TJ: 'Loop' might be the first track on the album based almost solely around your guitar playing. How does 'Loop' fit in with the album? Also, it might be a good time to note that while you wrote and produced the entire album, you didn’t play everything on it. Want to tell us a bit about the band?

FFMB: 'Loop' is also from a dissonant chord phase and is again, variations on a theme.

The biggest deal on this record was getting the drums right. I sampled drums from Bella Carroll (squidgenini) for a few tracks, and Gabriella Cohen recorded drums for the whole album. But then I changed my mind on what the beats should be, so we re recorded the whole thing with Danni Ogilvie, and so the whole record is a big mash up of drummers. I cut all the drum sessions up to a point where they are almost un-recognisable. The Cactus Channel drummer Hudson Whitlock played drums for Street and Blue Shadow. Drums were a really big deal on this record. The only other person who worked on this record was Arun Roberts who did 2 days of bass takes, which remained un-edited.

Full Moon Dog Show

TJ: 'Full Moon Dog Show' feels like another slight outlier on the album for me - it lacks the gloom of other tracks and just comes as a fuzzed out pop song. Was the process of writing this track different to the others? And how’s this mood shift relevant to the Chinatown narrative?

FFMB: I spent a long time in love with this song and wanting to do it justice. Stripping it back seemed like the only way to do that. I know it sounds like a pop song, but 'Full Mood Dog Show' is always going to be plot line number six. The fall from grace. The protagonist reaches their lowest point and all is lost. It is the "dark night of the soul". 

In the original version of Chinatown Movie, this scene is an alien invasion. There is a speaker system telling you to "get your back to the wall and stay at home". "Invasion is imminent". Keep your eye on having fun is like a melancholic call to arms for the human race. Could you stay light hearted even when your reality is fading, and aliens are invading?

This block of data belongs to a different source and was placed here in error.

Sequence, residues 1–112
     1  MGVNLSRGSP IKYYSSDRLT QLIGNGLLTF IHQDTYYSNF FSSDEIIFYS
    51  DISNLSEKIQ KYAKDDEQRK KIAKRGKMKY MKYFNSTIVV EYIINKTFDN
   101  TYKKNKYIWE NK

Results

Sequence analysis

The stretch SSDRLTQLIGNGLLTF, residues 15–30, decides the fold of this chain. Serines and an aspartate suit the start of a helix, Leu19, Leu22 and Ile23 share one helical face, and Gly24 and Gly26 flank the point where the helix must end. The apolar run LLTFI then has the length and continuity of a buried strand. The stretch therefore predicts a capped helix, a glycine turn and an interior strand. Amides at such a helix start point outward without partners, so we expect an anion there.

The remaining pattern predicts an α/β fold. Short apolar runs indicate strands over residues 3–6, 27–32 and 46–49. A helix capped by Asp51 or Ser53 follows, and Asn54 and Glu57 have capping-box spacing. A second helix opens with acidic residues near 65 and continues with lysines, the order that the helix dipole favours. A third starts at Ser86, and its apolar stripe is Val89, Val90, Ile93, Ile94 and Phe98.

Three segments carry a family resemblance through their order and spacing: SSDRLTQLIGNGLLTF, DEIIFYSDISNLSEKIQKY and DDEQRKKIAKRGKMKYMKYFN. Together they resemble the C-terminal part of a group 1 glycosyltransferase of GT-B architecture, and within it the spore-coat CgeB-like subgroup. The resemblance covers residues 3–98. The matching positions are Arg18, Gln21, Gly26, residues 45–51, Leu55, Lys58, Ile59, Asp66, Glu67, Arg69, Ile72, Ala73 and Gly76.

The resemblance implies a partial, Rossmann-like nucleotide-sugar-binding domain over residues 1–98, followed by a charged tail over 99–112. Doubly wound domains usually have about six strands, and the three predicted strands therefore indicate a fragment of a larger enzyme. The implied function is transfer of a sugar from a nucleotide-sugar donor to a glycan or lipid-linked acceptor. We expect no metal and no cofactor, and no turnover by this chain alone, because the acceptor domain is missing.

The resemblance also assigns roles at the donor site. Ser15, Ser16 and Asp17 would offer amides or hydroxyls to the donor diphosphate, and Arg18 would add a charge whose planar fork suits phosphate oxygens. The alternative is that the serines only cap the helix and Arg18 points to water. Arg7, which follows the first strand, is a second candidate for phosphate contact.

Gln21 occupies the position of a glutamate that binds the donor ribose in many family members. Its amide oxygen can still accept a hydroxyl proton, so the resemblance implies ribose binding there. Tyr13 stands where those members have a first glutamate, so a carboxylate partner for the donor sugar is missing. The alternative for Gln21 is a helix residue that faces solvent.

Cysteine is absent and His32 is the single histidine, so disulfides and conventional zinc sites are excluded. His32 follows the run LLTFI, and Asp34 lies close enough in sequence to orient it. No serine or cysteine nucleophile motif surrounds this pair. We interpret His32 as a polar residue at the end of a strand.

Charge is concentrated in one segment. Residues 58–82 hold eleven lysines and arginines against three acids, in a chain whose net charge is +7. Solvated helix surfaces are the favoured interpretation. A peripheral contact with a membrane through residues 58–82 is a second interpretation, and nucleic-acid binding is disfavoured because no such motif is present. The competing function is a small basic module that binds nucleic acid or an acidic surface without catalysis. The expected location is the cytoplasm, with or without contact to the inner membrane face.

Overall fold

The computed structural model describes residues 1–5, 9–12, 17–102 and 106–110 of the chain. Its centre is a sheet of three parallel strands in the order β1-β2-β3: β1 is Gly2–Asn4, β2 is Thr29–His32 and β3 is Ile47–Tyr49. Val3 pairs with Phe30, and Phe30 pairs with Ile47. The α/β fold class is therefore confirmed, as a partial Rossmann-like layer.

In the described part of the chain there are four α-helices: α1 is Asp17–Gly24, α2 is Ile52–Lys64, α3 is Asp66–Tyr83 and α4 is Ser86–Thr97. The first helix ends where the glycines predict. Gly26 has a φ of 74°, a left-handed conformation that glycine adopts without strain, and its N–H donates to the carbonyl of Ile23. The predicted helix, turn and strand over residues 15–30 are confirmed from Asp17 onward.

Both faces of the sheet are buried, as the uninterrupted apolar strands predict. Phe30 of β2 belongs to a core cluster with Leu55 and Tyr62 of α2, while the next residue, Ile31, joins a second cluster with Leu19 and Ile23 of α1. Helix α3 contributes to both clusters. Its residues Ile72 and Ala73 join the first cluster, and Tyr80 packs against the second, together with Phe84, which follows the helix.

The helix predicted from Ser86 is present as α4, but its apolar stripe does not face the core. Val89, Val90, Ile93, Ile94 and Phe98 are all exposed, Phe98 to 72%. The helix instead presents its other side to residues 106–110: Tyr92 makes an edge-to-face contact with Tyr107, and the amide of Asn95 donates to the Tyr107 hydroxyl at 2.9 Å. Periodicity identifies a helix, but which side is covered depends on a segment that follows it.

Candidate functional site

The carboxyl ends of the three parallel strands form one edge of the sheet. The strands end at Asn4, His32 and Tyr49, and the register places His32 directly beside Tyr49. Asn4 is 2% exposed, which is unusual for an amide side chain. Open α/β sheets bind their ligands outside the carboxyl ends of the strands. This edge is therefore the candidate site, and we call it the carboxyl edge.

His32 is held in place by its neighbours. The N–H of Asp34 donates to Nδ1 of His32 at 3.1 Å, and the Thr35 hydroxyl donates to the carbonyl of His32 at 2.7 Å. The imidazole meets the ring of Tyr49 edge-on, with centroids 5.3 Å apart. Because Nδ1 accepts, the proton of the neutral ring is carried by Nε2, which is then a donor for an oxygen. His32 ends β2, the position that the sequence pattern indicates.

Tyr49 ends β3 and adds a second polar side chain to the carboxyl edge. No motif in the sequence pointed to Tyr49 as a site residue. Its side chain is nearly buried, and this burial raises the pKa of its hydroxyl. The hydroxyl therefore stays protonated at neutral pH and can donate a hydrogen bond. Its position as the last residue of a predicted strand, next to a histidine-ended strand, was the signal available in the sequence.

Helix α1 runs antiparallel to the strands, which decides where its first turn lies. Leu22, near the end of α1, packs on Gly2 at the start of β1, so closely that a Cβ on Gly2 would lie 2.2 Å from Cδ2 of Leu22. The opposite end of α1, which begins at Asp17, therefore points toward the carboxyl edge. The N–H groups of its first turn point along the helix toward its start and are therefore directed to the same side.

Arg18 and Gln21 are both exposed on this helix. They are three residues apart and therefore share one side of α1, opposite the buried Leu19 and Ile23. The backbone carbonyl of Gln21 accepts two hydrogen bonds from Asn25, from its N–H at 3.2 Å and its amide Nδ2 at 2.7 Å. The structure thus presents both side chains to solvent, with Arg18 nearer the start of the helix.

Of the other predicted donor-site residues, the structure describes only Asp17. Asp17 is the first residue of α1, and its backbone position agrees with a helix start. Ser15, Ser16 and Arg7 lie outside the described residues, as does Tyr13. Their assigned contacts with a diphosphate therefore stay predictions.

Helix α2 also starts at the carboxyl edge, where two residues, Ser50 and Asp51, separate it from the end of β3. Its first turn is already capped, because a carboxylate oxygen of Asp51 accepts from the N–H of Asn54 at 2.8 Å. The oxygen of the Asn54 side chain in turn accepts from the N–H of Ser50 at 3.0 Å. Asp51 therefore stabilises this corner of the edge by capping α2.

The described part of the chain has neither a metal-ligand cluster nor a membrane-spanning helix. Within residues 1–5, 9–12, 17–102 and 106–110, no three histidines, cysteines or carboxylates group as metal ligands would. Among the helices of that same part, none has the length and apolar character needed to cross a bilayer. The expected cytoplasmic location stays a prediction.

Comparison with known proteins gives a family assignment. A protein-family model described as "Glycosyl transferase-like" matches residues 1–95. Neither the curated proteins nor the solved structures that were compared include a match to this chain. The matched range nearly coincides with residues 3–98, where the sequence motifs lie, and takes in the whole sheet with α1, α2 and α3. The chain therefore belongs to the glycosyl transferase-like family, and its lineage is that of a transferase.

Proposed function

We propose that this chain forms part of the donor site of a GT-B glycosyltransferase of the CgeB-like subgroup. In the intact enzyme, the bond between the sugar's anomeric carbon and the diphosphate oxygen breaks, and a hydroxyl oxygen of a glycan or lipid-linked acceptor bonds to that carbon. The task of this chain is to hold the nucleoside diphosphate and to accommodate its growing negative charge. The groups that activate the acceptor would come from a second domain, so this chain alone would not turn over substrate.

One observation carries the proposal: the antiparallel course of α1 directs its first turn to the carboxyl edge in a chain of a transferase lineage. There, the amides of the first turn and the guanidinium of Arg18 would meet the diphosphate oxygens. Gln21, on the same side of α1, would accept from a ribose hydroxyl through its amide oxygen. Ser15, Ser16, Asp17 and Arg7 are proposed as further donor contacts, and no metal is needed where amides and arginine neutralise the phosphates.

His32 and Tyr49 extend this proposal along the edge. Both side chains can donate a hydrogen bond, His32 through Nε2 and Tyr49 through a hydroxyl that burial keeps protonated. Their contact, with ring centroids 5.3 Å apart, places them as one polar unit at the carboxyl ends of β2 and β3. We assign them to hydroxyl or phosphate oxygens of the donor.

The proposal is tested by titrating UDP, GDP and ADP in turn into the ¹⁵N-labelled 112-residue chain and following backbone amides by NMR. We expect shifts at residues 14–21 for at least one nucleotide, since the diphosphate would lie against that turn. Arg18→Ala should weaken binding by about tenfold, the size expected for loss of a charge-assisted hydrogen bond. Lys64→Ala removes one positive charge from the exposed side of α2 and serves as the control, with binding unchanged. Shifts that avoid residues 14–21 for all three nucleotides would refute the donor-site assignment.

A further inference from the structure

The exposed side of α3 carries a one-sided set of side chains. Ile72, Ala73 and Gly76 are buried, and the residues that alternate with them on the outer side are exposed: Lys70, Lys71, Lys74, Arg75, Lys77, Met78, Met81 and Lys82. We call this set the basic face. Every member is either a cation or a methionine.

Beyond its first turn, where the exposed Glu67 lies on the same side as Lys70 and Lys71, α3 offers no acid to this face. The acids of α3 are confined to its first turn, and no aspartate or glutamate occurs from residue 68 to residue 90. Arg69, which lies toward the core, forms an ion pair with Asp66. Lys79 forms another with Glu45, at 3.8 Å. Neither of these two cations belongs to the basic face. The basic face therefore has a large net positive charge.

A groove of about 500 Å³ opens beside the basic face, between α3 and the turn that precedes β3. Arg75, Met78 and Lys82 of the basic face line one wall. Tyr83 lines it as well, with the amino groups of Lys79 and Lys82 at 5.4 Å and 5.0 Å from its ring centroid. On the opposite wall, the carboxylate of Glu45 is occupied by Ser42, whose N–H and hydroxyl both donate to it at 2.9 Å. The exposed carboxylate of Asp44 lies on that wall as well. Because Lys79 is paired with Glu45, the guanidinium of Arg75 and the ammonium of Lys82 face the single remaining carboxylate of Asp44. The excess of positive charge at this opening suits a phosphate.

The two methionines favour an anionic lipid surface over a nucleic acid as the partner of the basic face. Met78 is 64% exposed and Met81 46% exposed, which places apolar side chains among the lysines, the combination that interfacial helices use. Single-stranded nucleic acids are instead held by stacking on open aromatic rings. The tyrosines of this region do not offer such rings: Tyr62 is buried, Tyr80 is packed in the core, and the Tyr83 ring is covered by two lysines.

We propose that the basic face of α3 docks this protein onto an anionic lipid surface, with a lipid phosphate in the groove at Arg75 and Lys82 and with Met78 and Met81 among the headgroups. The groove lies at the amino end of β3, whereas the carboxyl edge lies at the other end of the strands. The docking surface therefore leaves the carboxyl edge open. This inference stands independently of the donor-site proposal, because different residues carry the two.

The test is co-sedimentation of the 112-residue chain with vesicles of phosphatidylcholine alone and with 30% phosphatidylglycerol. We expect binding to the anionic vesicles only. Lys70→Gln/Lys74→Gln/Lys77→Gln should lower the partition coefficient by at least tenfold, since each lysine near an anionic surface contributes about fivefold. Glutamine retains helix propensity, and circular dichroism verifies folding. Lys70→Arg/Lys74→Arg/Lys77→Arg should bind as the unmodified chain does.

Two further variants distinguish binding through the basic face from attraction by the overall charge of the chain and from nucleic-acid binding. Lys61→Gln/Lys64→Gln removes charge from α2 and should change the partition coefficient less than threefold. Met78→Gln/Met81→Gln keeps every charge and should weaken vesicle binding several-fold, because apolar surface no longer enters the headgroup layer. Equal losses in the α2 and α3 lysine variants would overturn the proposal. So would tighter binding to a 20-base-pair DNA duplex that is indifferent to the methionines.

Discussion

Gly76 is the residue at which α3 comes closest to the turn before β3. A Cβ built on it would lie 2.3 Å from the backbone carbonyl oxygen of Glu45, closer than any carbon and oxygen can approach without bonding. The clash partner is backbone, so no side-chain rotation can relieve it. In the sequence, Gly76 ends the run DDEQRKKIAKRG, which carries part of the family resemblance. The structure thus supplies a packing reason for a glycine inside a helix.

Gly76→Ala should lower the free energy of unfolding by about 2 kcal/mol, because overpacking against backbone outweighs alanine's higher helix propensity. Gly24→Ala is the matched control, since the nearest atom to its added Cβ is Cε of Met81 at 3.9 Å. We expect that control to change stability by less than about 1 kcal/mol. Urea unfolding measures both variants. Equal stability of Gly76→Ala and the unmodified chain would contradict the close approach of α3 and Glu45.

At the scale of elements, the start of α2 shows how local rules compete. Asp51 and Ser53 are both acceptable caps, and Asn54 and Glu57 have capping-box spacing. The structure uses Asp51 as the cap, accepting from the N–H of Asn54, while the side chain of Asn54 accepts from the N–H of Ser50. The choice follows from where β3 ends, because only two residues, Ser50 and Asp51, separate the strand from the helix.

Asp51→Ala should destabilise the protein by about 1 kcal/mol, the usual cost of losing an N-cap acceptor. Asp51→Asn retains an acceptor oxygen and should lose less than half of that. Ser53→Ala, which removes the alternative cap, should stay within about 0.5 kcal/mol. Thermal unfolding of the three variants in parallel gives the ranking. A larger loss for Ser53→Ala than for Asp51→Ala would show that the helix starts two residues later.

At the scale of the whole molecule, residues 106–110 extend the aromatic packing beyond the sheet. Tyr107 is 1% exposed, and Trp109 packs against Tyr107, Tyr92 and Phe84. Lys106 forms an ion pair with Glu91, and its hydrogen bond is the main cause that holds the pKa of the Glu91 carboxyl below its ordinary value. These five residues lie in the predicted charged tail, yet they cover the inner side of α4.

There’s a Time

TJ: I read someone describe the Chinatown album as sci-fi, and 'There’s A Time' really has that feel, as if it was written specifically for a certain scene in a sci-fi film. (Obviously, this might be the case.) When it came to writing and recording this track, and the album in general, was there a sense that a certain kind of song would be needed to fit this part of the film and narrative? Or did the way the song came out define the way the movie went?

FFMB: I didn’t have any specific sci-fi themes in mind when I was recording this one. In the album’s narrative, this is simply a moment of reflection for the protagonist. The track didn’t make it into the movie because it holds no major plot points. 
I get how it sounds sci-fi though, I was referencing 'Future Sailors' from The Mighty Boosh TV series. 


TJ: 'Ceremony' is another really cinematic track from Chinatown, and comes as one of the album’s most ominous sounding songs, perhaps to do with the sparseness within the mix. How did you go about recording this one, especially to nail such a foreboding mood?

FFMB: The vocals are an original take from Mt Glorious back when I was writing the EP. I didn’t bother re-recording them for the album because that digital distortion on my vocals was hard to re-create. The music is a heavily EQ’d sample from a Persian poetry CD. Danni convinced me to let him add percussion, and then I built the arrangement up from there, and I’m really happy with it.


TJ: 'Beautification' is another track that was featured on the 2015 EP. How does this version differ from the old one? And was there much stress when it came to recreating demos with a fuller band to ensure you captured the same vibe and feel?

FFMB: I was so frustrated with my equipment and process while making the EP - when I re-recorded the EP tracks I had a big list of things I wanted to do with higher production value. But for the most part I am still frustrated. 'Beautification' in particular. I never got a drum take I was happy with, so the drums are me playing a keyboard, not ideal.


TJ: Following straight after the trio of 'There’s A Time', 'Ceremony' and 'Beautification', 'Washington' feels like a move out of the gloomiest and darkest part of the album. As the third and final instrumental on the album, what is going on in the Chinatown narrative now?